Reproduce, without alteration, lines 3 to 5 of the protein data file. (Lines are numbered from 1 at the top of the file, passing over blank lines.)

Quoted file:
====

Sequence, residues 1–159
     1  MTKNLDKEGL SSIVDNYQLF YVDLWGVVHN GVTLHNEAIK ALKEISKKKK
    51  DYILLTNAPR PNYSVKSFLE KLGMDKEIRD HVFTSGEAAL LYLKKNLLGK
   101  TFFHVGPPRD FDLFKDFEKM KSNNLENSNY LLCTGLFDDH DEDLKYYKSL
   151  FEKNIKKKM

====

    51  DYILLTNAPR PNYSVKSFLE KLGMDKEIRD HVFTSGEAAL LYLKKNLLGK
   101  TFFHVGPPRD FDLFKDFEKM KSNNLENSNY LLCTGLFDDH DEDLKYYKSL
   151  FEKNIKKKM